Best of Cannes 2021: Critics poll – .

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Best of Cannes 2021: Critics poll – .


At the end of this year’s Cannes Film Festival, some pundits expressed surprise that “Titanium,” the adventurous body-horror riff on genre-fluidity from filmmaker Julia Ducournau, won the Palme d’Or on entries. more traditional in Competition. However, many critics who have covered the festival this year wouldn’t want it any other way. “Titanium” topped IndieWire’s annual review of the festival’s best films, with 31 critics from around the world participating, and Ducournau also topped the category for best director.

The result marked the second consecutive time that the winner of our review survey has synced with the Palme d’Or result, after ‘Parasite’ in 2019. (The 2020 edition of the festival has been canceled due to pandemic.) Both films were historic. wins: “Parasite” was the first Korean film to win the Palme – but not this survey – and “Titanium” is only the second film directed by a woman to win the award after Jane Campion became the premiere for ” The Piano ”.

Ducournau’s film stars groundbreaking actress Agathe Rouselle as an erotic dancer with a sexual attraction to cars, who goes on the run after a massacre and claims to be the long-lost son of a lone firefighter (Vincent Lindon) . IndieWire’s David Ehrlich gave the film an “A-” rating and called it “the work of a demented visionary in full control of her wild mind”. In an interview with IndieWire, Ducournau said she made the film in part to show that “femininity is so much more flexible and fuzzy than what people think it is.”

The film is only the second for the French director, who first made an impact in Cannes with her first film “Raw”, which premiered at Critics’ Week. The festival’s official regulations prohibit the jury from awarding additional prizes to the Palme d’Or winner. So, while Ducournau won the award for best director in our survey, the jury awarded it to Leos Carax for “Annette”.

The jury awarded “The Worst Person in the World” the award for Best Actress for Another Escape, Renate Reinsve. The latest entry in director Joaquim Trier’s “Oslo Trilogy” stars Reinsve as a woman struggling to find her place in life as she drifts through a pair of unhappy romances. Trier co-wrote the screenplay with his longtime collaborator Eskil Vogt, who also directed the Cannes premiere “Les Innocents”, which was featured in the Un Certain Regard section.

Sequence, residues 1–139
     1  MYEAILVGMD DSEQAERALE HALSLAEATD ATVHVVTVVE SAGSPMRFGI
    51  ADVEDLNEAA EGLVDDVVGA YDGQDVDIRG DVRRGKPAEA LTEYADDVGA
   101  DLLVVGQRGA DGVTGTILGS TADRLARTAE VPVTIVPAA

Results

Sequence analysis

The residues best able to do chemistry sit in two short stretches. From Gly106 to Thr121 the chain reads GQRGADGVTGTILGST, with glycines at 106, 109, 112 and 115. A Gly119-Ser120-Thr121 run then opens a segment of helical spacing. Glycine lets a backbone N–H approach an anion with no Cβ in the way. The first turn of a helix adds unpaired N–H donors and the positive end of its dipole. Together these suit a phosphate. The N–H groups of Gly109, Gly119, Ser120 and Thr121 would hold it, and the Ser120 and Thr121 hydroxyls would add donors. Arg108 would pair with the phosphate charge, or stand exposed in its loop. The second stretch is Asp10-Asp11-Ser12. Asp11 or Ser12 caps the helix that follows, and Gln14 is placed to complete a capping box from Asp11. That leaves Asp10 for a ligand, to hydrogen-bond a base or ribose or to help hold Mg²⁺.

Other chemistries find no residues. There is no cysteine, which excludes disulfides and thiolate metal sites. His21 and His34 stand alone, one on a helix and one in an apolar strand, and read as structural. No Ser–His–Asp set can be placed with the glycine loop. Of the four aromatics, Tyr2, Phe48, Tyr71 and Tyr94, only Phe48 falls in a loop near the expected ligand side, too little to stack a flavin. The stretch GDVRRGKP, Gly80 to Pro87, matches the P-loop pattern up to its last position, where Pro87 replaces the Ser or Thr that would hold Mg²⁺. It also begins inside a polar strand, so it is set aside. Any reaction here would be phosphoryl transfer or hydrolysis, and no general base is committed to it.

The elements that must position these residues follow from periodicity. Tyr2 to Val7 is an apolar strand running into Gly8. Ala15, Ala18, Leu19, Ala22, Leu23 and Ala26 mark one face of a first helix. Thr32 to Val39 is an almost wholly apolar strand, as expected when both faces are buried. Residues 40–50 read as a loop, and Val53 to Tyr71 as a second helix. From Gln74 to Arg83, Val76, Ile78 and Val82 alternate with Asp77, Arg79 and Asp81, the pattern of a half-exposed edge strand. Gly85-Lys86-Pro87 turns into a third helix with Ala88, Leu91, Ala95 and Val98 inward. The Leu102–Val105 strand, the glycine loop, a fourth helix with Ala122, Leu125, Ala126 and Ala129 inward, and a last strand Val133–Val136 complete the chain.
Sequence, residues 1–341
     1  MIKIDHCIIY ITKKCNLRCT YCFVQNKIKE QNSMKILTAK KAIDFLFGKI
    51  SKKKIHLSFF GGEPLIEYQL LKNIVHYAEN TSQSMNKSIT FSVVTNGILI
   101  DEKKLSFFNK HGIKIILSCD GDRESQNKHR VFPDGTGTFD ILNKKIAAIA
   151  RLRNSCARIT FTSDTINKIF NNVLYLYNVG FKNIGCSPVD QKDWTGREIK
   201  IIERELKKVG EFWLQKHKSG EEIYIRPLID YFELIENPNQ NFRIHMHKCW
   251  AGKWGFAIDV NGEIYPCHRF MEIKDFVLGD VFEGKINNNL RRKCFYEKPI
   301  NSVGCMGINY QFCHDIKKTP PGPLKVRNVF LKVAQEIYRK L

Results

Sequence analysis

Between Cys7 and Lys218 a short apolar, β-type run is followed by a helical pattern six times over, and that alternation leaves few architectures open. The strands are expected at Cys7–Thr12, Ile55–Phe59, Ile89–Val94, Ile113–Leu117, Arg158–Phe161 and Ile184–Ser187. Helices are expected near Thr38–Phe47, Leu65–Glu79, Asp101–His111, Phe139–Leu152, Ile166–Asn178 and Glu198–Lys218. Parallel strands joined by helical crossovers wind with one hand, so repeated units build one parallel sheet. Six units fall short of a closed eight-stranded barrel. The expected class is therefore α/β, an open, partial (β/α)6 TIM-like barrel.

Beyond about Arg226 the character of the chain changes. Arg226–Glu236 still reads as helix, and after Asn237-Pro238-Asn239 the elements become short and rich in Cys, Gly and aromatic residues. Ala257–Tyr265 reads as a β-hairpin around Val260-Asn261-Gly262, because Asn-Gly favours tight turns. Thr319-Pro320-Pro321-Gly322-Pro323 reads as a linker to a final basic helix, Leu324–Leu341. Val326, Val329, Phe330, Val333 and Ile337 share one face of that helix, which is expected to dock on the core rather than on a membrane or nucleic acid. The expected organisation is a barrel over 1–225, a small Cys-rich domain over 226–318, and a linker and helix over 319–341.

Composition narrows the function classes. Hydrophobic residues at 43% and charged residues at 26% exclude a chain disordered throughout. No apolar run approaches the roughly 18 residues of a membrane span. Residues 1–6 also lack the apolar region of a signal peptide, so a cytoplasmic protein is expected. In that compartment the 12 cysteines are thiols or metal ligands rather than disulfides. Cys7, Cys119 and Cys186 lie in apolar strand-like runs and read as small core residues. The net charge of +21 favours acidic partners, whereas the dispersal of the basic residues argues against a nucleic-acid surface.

Notably, “Titanium” and “The Worst Person in the World” share the same US distributor who released “Parasite” – Neon – although the company picked up that latter film after the festival began. It was recently added to the Toronto International Film Festival’s lineup this fall, as it remains to be seen where “Titanium” will surface next.

With critics voting in the categories of Best Picture, Best Director, and Best Screenplay, there were multiple finalists and more than one tie. Apichatpong Weerasethakul’s ‘Memoria’, which follows Tilda Swinton through Colombia as she tries to figure out the source of a mysterious sound, landed second for Best Picture, while Ryusuke’s Haruki Murakami adaptation Hamaguchi “Drive My Car” finished third with Joanna Hogg’s meta-drama “The Souvenir Part II”. Weerasethakul also took second place for best director, while Wes Anderson came third for his anthology “The French Dispatch”.

The scenario category saw a tie at three for second place: “Berman Island”, “Drive My Car” by Mia Hansen-Love, and “A Hero” by Iranian author Asghar Farhadi.

See the full results below. To learn more about IndieWire’s Cannes coverage, go here.

Best film
1. “Titanium,” Julia Ducournau
2. “Memory”, Apichatpong Weerasethakul
(tie) 3. “Drive my car”, Ryûsuke Hamaguchi
(tie) 3. “Remembrance Part II, The”, Joanna Hogg

Best scenario
1. “The worst person in the world”
(tie) 2. “Bergman Island”
(tie) 2. “Drive my car”
(tie) 2. “A hero”
3. “The Remembrance Part II”

Best Directed Film
1. “Titanium,” Julia Ducournau
2. “Memory”, Apichatpong Weerasethakul
3. “The French Dispatch”, Wes Anderson

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